For the past two months I have been directing 33 young people aged 7 - 16...thirty three energetic creative and very kind young people of various levels and skills.  Some are performing onstage for their first time...some have been in all three plays I've directed for Davidson Community Players Connie Company.  I didn't like the script but found a way to make it work both for my artistic needs as well as an educational vehicle for the actors involved.  I chose to conceptualize the play in 1945, when the book was published by E.B White.   I saw it starting off on a street in NYC (the script has a narrator telling the story...I wanted the narrator to be a character in the divided the narrator parts and gave them to the various characters in the play)  in early morning with birds and cats entering and then people starting off their day buying newspapers and waiting for the bus...I wanted to put an opening 'swing time' dance in the play and one of my actors suggested May 8, 1945 and the celebration of D-Day, end of the war in Europe!  Great idea!

Another topic we discussed was the importance of women in the work force since so many men were fighting in the war.  The ensemble has done a bang-up job of creating interesting characters and eight year old Dwayne Allgoods a spectacular job of learning a bizillion lines and leading the show with his innocence, strength and energy. Eight of the nine shows were sold out before we opened and the ninth show sold out this past week.  BRAVO Cast of STUART LITTLE!!!

Life Stories Class Ten

The excitement for our performance everyone leans forward watching one another explore the actions behind their stories...all searching inside themselves while seeking the truth of the moment in their words...I wonder if I would take such a leap into the unknown...perhaps if the unknown were something I had always dreamed of doing...of experiencing...Thank you Willie for such astute observations and recording.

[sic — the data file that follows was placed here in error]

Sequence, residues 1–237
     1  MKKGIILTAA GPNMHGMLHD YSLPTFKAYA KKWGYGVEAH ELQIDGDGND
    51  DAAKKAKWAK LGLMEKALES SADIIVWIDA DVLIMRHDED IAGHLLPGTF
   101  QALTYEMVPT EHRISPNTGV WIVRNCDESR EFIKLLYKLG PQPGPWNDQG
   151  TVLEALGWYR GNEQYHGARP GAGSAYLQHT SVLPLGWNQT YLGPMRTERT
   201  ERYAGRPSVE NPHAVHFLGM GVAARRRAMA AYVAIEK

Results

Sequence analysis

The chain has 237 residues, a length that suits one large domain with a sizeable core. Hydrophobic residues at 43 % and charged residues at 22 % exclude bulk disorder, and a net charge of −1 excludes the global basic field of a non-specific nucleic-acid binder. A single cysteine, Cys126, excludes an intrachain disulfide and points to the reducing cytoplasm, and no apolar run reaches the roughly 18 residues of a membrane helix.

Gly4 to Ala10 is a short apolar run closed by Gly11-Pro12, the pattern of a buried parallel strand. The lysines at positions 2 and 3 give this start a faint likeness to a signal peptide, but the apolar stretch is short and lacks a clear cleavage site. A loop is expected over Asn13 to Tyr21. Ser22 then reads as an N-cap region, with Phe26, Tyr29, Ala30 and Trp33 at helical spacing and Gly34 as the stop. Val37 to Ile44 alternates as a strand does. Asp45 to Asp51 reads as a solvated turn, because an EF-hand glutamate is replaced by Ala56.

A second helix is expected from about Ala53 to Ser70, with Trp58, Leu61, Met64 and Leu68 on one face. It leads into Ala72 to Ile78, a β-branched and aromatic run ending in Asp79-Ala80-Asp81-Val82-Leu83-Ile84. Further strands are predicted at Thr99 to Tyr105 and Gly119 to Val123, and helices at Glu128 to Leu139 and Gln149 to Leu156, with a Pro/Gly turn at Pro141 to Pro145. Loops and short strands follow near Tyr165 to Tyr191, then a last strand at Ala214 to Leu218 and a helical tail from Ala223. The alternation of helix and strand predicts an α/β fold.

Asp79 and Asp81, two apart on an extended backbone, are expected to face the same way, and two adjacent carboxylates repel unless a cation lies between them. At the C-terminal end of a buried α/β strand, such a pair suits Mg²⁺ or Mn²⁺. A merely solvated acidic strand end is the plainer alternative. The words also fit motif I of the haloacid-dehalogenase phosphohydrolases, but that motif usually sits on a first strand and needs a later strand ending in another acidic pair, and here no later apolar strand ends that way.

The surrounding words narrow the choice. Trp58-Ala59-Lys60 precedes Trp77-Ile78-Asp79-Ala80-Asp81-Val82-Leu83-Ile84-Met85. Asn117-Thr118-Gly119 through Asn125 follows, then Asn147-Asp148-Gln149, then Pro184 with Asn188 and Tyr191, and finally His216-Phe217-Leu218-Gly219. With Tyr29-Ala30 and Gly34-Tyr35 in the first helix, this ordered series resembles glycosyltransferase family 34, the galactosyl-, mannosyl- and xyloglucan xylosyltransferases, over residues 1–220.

The Memory Chair (cont’d)

Wednesday, April 6, 2011

This is week ten of Life Stories class…only a dozen plus days before the last scheduled meeting fulfills the enrollment specifications….

And change, again, starts the day. We skip the mind and body exercise—the energy in the room is already soaring, and we’ve put on our acting hats that ready us for whatever Wrenn throws our way.

We visited the auditorium where the show will be performed and gathered on stage; centering our minds on the logistics of actually stepping inside an actor’s skin. We went to the dressing area where counters line both sides of the room, and mirrors take up wall space—everywhere—perhaps a last minute aid in getting the inner mind as well as the outer side ready for the role to be played?

I listened to the low buzz of voices as we made our way back to class—soon-to-be ‘stars,’ coming from all directions, elevator, and an assortment of stairways.

Wrenn chose six skits for today’s rehearsal: Carolyn’s monologue about love, Marti’s anecdote of an unsettling relationship; Hess, with a love letter to his wife, Lynnsy’s story spoke of having the freedom to choose; Christine’s read on skipping school at the age of five, and ‘life’ with her grandmother; and also, my story about the break-up of a marriage, and the consequences that follow.

In the remaining two weeks, there is much work to be done: filling our minds with text, perfecting the proper emotion at the right time, staging floor placement for better delivery of script’s message, and last but not least, choosing a costume to fit the action…are we racing headlong into an unquenchable thirst of—‘acting fever?’ Hmm!

Wrenn gave out books that consisted of all the stories to be presented; and we rehearsed the intro of My Life Story is…bringing us ever closer to the day we speak our written words into existence. For…words in print remains an unstirred story until other eyes read them—silent, until a voice gives them a place in a listener’s mind.

And that’s what our play is really about—the sharing of our lives in story enactment!

Elizabeth (Willie)